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EPA to Bar Fluoride-Based Pesticide

For Immediate Release: 
Monday, January 10, 2011

Washington, D.C. – The U.S. Environmental Protection Agency today proposed to grant three environmental groups’ petition to end the use of sulfuryl fluoride, an insecticide and food fumigant manufactured by Dow AgroSciences.

The Dow product, approved by EPA as an alternative to methyl bromide, is used on hundreds of food commodities.

Citing concerns about children’s health and noting their current overexposure to fluoride through tap water, EPA’s decision is the second major federal action in three days to address the safety of fluoride for children. On January 7, the U.S. Department of Health and Human Services proposed to reduce its recommended maximum level of fluoride in tap water from 1.2 to 0.7 parts per million (ppm), a 42 percent decrease.

In 2004, Fluoride Action Network, Environmental Working Group, and Beyond Pesticides challenged EPA’s risk assessment of the pesticide sulfuryl fluoride under the Food Quality and Protection Act of 1996, which regulates pesticide safety. The groups objected that EPA’s methodology relied on an outdated health risk assessment and significantly underestimated children’s exposures to fluoride from all sources.

With today’s announcement, the EPA Office of Pesticide Program has concluded that the current legal limit of the pesticide residue on food does not adequately protect children from aggregate fluoride exposures, such as drinking water and toothpaste.

EPA’s reversal upholds the environmental groups’ position that children’s aggregate fluoride exposures are unsafe and that any additional exposure through pesticide residues is unlawful. According to EPA officials, the decision appears to be the first time the agency has granted substantive formal objections to a pesticide tolerance rule based on public health advocates' evidence that a particular chemical's use violates the safety standard for aggregate exposures under federal law.

If EPA makes the proposal final, many uses of the pesticide sulfuryl fluoride would stop within 90 days. A three-year phase-out period would be extended for other uses, including dried nuts and fruits and usage by direct handling facilities like flour mills.

The actions by EPA and HHS represent a growing consensus that the American public is being exposed to excessive fluoride. They amount to admissions that for decades, public health agencies have erroneously reassured the public that fluoride is safe. As a result, generations of children have been exposed to amounts of fluoride that could damage teeth and bones and that emerging science indicates could harm thyroid function and increase risks for bone cancer.

“For decades, people who raised concerns about fluoride being added to tap water or food were dismissed as crazy," said Ken Cook, President of Environmental Working Group. "All of a sudden we have two federal regulatory actions, announced just days apart, that tell us what was really crazy all those years: a government bureaucracy that ignored strong scientific evidence and clear warning signs of the threats fluoride has posed to public health all along. We commend the Obama administration for these actions, which begin, at long last, to put the use and regulation of fluoride on a sound scientific footing.”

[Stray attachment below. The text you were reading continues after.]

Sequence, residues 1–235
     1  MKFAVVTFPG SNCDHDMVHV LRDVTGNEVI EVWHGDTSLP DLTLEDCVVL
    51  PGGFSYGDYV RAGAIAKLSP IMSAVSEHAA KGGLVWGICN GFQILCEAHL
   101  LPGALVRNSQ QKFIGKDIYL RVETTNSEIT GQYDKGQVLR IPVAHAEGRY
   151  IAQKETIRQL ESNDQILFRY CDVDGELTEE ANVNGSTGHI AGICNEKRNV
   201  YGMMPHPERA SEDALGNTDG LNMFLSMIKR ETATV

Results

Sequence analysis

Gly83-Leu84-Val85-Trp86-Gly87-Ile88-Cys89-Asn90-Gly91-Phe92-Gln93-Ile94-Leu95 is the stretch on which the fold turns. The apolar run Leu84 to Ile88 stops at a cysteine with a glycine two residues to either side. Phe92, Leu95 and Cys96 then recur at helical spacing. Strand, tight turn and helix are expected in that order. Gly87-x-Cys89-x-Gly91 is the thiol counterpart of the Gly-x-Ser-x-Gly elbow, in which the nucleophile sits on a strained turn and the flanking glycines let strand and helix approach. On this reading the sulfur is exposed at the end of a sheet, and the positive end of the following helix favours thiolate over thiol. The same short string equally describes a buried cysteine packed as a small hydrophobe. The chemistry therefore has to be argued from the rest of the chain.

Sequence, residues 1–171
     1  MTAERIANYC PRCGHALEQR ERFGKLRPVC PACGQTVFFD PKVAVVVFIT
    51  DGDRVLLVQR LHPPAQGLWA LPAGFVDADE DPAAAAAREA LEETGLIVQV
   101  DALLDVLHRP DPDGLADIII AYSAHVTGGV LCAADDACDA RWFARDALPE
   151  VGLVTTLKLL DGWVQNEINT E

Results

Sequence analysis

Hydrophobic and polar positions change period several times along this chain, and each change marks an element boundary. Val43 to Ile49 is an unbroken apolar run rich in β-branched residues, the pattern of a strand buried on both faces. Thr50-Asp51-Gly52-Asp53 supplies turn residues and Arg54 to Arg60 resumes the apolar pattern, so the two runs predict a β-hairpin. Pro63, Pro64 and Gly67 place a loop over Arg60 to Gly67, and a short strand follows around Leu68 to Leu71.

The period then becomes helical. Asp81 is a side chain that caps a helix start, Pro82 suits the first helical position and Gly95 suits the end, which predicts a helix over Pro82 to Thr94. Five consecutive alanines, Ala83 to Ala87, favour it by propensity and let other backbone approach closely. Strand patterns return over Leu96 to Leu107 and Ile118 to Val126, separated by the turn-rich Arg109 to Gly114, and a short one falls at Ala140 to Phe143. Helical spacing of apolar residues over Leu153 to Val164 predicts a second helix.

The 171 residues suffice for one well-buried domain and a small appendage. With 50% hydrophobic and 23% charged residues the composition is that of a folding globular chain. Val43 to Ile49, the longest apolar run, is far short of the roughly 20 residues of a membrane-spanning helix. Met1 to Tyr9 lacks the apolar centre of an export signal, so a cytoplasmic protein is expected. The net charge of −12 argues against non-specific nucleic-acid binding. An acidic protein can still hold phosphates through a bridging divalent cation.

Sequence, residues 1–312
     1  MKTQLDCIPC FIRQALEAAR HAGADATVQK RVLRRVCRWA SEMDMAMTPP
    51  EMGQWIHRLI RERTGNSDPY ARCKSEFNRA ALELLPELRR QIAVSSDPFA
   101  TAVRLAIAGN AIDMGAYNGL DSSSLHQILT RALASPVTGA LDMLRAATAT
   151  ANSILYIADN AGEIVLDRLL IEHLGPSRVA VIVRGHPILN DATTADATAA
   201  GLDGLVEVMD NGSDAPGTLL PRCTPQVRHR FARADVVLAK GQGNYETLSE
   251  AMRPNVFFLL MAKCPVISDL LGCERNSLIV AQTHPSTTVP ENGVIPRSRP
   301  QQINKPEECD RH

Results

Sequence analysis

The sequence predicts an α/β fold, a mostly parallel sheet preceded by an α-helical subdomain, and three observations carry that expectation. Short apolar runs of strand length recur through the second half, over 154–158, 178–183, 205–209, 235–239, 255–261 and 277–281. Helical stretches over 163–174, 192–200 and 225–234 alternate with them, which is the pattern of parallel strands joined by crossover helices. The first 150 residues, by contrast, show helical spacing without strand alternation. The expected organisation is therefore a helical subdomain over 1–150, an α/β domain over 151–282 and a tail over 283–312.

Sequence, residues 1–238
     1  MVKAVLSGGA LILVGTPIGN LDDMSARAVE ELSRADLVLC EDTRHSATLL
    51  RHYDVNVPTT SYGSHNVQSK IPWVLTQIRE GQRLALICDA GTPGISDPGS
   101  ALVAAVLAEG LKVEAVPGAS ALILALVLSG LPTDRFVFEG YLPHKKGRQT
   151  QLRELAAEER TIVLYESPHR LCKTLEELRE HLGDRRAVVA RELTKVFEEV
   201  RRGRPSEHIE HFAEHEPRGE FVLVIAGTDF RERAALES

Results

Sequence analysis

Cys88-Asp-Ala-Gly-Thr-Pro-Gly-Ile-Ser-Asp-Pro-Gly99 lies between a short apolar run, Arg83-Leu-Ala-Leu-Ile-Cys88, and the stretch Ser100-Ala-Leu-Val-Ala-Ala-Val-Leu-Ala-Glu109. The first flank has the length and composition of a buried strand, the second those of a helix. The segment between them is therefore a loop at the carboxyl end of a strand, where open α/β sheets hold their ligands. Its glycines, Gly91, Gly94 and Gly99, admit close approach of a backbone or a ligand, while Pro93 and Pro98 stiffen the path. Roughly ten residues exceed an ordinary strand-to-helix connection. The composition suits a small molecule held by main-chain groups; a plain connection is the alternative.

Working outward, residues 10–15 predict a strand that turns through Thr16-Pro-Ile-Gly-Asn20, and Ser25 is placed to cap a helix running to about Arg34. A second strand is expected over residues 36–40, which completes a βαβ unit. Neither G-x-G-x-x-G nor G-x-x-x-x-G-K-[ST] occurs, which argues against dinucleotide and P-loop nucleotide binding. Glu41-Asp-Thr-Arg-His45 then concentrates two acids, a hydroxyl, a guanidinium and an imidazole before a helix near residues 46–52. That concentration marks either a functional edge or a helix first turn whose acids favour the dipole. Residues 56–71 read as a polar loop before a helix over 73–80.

“EPA’s decision to stop sulfuryl fluoride use and grant the petition rights a wrong that has been in place for many years and should advance more serious attention to the threat that pesticides pose to people’s health through multiple routes of exposure, including our food and water,” said Jay Feldman, Executive Director of Beyond Pesticides.

"EPA has taken a step in the right direction, but as their own data show, many children will still receive too much fluoride even without sulfuryl fluoride and so further reductions in fluoride exposure are necessary in order to truly protect children's health," said Tara Blank, Ph.D., Science and Health Liaison Officer for Fluoride Action Network

"This step by EPA is not only significant in regard to the particular pesticide tolerances involved. As a regulatory confirmation of our positions regarding the potential health effects of fluoride, it also has considerable precedential value for future initiatives to address this major area of concern," said Perry Wallace, professor of law at American University and who worked with the groups on petitioning EPA.

Sulfuryl fluoride was first registered in 1959 as a fumigant to control termites in wood structures. In 2004 and 2005, EPA approved the registration of sulfuryl fluoride as a pesticide to be used to kill insects in harvested and processed foods such as cereal grains, dried fruits, tree nuts, cocoa beans, coffee beans, and insect infestations in food handling and processing facilities.

The pesticide breaks down into fluoride, whose residues can contaminate food. Over-exposure to fluoride can be toxic, causing dental fluorosis (mottling and loss of tooth enamel) and skeletal fluorosis (joint pain, stiffness and bone fractures).

Some studies point to a possible link between fluoride exposure and osteosarcoma, commonly known as bone cancer, neurotoxicity and disruption of thyroid function. Read more about fluoride and FAN, EWG, and Beyond Pesticides work on the issue here: http://www.ewg.org/featured/222

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EWG is a nonprofit research organization based in Washington, DC that uses the power of information to protect human health and the environment. http://www.ewg.org

Beyond Pesticides, a national grassroots nonprofit, protects health and the environment with science, policy and action. http://www.beyondpesticides.org

Fluoride Action Network is a nonprofit advocacy group working to educate the public on fluoride. http://www.fluoridealert.org

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